WILLIAM H. UNDERWOOD is a descendant of a family of Quakers of that name who came to America with William Penn, and made a settlement in what is now the State of Pennsylvania. The paternal grandfather of William H., a tailor by trade, was a resident for a time of Fayette county, this State, whence he moved to Monongahela, where he died about the year 1843, at the age of seventy-seven years.
George Washington Underwood, father of our subject, was born February 22, 1814, at Red Stone, Fayette Co., Penn., and was reared to the tailor's trade. In Monongahela he married Elizabeth Jay, a native of this county, and this union being outside of the Quaker faith, his name was dropped from the list of Society of Friends, as was then the custom. When William H. was seven or eight years of age the family returned to Fayette county, whence, after a stay of some years they came, in 1850, to Washington, where the father followed tailoring in partnership with George W. Deiver for several years, but is now living retired in Erie county, at the age of seventy-seven years; the mother was called to her long home in 1856, aged forty years.
William H. Underwood is a native of Washington county, born in Monongahela, June 4, 1839, and was consequently eleven years old when the family came to Washington, the common schools of which city he attended in his boyhood and early youth. He then commenced clerking in a store in the borough, continuing in that capacity until 1861, when, in response to Lincoln's call for troops he enlisted in Company E, Twelfth P. V. I., which was ordered to the vicinity of Baltimore, Md. At the end of the three months' term he returned, invalided with camp fever. In January of the following year he re-enlisted for three years, in Company A, One Hundredth P. V. I. ("Round Heads"), and participated in the memorable expedition to South Carolina. His war record in this regiment is as follows: Mustered in January 1, 1862; promoted first sergeant May 12, 1865; mustered out with the company at Harrisburgh, Penn., July 24, 1865. Prior to the expiration of his term he veteranized, in East Tennessee. He was twice wounded, first November 29, 1863, at the siege of Knoxville, Tenn., a minie rifle ball breaking his jaw. Declining to go to hospital, he tied his face up with his handkerchief, and remained on the field. The second wound he received June 2, 1864, at Cold Harbor, where he was struck by a minie ball in the right shoulder, which necessitated his going to hospital, where he remained until September following. After that he was present at the siege of Richmond, etc. At the close of the war he returned to Washington, and again took up clerking, which he followed four years, at the end of which time he bought the news-stand now occupied by McKay & Co., selling out the same in 1881. In the meantime, in the fall of 1878, he had been elected register of wills, in which office he served three years. After selling out his news business, he remained in Washington, engaged in various occupations, until the spring of 1884, when he bought a grocery store, carrying it on alone until his appointment in 1890 to the postmastership of Washington, a position he has since filled with credit to himself and satisfaction to the public. At the time of his appointment he sold an interest in his grocery business to R. B. Dougherty, the firm being now Underwood & Dougherty. On April 29, 1869, Mr. Underwood married, in Washington, Penn., Miss Emma, daughter of Silas Clark, whose family (now almost extinct) came to the county at an early day. They were for the most part stock dealers, and the village of Clarksville was named after them. Two children were born to Mr. and Mrs. Underwood, viz.: Owen Clark (who is a graduate of Washington and Jefferson College, class of 1891, in classics, and is now assisting his father in the postoffice), and Homer Krepps. Mr. Underwood is a member of the M. E. Church, and of William F. Templeton Post No. 120, G. A. R., Department of Pennsylvania.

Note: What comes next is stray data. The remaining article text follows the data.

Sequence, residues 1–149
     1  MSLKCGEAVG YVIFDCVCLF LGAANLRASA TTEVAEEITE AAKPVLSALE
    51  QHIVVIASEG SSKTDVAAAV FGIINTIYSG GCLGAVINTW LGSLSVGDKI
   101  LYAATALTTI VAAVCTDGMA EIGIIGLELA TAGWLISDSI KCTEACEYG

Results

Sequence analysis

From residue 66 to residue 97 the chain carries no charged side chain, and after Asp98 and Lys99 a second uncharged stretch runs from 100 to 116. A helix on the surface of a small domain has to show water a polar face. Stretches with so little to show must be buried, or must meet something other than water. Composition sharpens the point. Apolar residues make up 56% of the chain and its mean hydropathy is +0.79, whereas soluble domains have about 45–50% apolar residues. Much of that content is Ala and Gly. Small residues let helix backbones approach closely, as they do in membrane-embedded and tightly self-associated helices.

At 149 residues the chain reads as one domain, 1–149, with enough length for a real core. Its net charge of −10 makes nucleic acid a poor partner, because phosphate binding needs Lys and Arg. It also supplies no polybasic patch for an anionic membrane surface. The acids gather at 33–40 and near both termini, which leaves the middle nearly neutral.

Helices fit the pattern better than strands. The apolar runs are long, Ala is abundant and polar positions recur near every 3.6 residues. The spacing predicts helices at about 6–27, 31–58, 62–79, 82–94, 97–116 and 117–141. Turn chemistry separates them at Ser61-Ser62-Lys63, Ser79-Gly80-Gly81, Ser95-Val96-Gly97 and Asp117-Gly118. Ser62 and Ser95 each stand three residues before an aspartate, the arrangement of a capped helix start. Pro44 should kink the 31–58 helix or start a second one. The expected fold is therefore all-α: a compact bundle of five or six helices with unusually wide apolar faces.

Text taken from page 696 of:
Beers, J. H. and Co., Commemorative Biographical Record of Washington County, Pennsylvania (Chicago: J. H. Beers & Co., 1893).
Transcribed June 1997 by Dale E. Enlow of Lake Havasu City, AZ as part of the Beers Project.
Published June 1997 on the Washington County, PA USGenWeb pages at http://www.chartiers.com/.
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